BREAKING: McDonald’s Becomes Fifth Major Company to Drop ALEC Membership [UPDATED]
Fast-food giant McDonald’s has ended its membership with ALEC, a conservative group that pushes voter suppression efforts to state legislators as cookie-cutter bills, and is the fifth major company to do so in the last week.
A company spokeswoman confirmed the decision in an email to Mother Jones:
“While [we] were a member of ALEC in 2011, we evaluate all professional memberships annually and made the business decision not to renew in 2012,” Ashlee Yingling, a McDonald's spokeswoman, wrote in an email. Yingling didn't mention any specific campaign or outside pressure as playing a role in the company's decision to leave ALEC.
McDonald’s joins Coca-Cola, PepsiCo, Kraft, and Intuit (the maker of TurboTax), all of which pulled from ALEC in the wake of a petition by Color of Change. The Bill and Melinda Gates Foundation also announced it was pulling financial support from ALEC on Monday. The campaign is also calling on companies like Johnson & Johnson and State Farm to end their ties with the right-wing group.
“Major corporations like Pepsi, Coca-Cola, and Kraft understand that supporting voter suppression efforts and dangerous ‘Stand Your Ground’ legislation puts their brands at great risk in the black community,” Rashad Robinson from Color of Change told Mother Jones. “We hope that McDonald's, Johnson and Johnson, and State Farm also get that message. Today, our members are flooding these companies with phone calls to demand that they stop supporting ALEC.”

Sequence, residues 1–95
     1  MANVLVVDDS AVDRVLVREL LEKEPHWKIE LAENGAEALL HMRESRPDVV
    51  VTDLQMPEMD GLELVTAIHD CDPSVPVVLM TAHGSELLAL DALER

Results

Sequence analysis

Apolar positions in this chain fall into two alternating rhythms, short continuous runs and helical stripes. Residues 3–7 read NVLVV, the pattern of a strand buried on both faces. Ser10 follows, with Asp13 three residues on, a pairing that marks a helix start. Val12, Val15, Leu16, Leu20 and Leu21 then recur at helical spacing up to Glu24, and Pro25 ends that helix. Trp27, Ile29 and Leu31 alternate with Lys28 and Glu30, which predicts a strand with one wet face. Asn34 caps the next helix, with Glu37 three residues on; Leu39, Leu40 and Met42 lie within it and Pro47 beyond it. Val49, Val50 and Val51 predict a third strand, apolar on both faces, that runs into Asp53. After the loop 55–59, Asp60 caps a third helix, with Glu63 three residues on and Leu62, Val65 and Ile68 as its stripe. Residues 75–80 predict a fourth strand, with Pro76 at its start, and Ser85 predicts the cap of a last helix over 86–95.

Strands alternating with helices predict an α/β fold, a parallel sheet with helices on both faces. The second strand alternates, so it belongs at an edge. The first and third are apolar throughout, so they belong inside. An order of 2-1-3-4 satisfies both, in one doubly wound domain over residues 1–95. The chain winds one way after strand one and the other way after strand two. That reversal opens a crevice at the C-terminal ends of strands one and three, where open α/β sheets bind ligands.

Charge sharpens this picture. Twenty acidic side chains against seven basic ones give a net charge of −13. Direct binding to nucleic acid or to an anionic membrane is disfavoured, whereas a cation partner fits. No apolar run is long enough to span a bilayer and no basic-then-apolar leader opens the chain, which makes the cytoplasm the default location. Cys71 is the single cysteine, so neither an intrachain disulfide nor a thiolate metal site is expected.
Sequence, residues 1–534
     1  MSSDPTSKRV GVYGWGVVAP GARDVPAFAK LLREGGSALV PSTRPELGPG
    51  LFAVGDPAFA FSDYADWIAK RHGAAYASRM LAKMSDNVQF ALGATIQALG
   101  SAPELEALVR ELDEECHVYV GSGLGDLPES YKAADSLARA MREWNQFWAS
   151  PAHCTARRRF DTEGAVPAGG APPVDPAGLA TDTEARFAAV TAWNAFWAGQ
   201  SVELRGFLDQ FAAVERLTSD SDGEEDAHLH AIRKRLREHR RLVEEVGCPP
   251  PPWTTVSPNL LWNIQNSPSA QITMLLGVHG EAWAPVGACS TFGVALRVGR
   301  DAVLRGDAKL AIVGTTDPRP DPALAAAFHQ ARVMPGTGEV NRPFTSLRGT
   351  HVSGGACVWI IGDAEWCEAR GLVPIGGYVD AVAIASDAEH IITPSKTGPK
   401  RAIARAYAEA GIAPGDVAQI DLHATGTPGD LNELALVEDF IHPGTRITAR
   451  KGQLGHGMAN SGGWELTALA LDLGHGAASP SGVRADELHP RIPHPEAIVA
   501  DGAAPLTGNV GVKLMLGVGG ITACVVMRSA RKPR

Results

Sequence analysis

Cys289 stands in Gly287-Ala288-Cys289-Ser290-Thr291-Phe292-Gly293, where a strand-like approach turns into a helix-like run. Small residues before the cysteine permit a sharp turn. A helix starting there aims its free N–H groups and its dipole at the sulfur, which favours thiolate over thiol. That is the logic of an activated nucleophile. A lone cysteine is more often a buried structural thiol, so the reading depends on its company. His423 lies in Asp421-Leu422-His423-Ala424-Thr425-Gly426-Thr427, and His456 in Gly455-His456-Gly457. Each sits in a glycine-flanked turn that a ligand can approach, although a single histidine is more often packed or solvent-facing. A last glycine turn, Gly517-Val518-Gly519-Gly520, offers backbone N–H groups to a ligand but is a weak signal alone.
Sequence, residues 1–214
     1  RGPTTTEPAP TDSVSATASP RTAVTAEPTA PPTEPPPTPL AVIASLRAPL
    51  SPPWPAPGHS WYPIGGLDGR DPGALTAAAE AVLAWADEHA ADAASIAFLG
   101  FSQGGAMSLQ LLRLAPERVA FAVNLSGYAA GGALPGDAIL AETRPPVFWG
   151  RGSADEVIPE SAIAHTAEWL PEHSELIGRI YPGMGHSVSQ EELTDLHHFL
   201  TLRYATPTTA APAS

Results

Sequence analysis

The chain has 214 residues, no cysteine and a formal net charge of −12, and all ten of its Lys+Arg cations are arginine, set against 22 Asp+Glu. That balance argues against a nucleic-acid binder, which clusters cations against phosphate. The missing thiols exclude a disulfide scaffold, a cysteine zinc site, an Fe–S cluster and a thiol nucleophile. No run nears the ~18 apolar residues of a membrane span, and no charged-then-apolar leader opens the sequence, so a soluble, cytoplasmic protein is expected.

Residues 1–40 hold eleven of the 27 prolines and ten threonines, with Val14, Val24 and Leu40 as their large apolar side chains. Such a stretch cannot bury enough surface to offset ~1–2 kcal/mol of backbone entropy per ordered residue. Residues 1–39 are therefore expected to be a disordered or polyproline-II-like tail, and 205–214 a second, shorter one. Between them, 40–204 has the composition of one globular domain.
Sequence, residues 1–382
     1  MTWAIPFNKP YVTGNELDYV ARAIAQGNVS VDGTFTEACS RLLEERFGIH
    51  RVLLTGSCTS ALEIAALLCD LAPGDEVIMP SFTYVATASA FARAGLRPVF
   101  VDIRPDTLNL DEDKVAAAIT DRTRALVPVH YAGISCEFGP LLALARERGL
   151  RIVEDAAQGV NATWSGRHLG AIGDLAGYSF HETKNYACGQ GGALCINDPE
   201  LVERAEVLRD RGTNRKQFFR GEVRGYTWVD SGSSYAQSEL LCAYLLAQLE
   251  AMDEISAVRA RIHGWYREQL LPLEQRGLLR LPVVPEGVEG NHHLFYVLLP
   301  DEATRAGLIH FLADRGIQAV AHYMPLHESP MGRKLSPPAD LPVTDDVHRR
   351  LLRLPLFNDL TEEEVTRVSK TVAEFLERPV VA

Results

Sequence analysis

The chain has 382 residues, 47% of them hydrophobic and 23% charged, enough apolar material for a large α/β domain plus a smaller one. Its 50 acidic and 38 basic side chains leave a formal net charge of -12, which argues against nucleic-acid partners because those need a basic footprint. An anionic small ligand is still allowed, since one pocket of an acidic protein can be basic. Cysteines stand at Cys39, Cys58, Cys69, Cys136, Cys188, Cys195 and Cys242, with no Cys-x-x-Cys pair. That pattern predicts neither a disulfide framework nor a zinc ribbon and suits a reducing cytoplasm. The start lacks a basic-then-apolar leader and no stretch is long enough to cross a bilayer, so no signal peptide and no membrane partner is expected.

ALEC has been criticized recently for touting Stand Your Ground laws similar to the one on the books in Florida, which has helped keep George Zimmerman from being arrested. Zimmerman shot and killed Trayvon Martin earlier this year, but has told officers it was in self-defense.
Here’s more on ALEC’s role in voter suppression efforts, from our latest report:
ALEC charges corporations such as Koch Industries Inc., Wal-Mart Stores Inc., and The Coca-Cola Co. a fee and gives them access to members of state legislatures. Under ALEC’s auspices, legislators, corporate representatives, and ALEC officials work together to draft model legislation. As ALEC spokesperson Michael Bowman told NPR, this system is especially effective because “you have legislators who will ask questions much more freely at our meetings because they are not under the eyes of the press, the eyes of the voters.”
Last year, a Campus Progress investigation revealed ALEC's involvement in Voter ID legislation.
UPDATE: Think Progress, our sister publication, notes that the decision is a "sharp break" from the company's recent comments:
It’s worth noting that McDonald’s most recent statement is a sharp break from their position just over a month ago. In a February 29 letter to Robinson, McDonald’s said that it remained a member of ALEC — although it disclaimed involvement with ALEC’s model Voter ID legislation which disenfranchises thousands of poor, minority and elderly voters.
Brian Stewart is the communications manager at Campus Progress.
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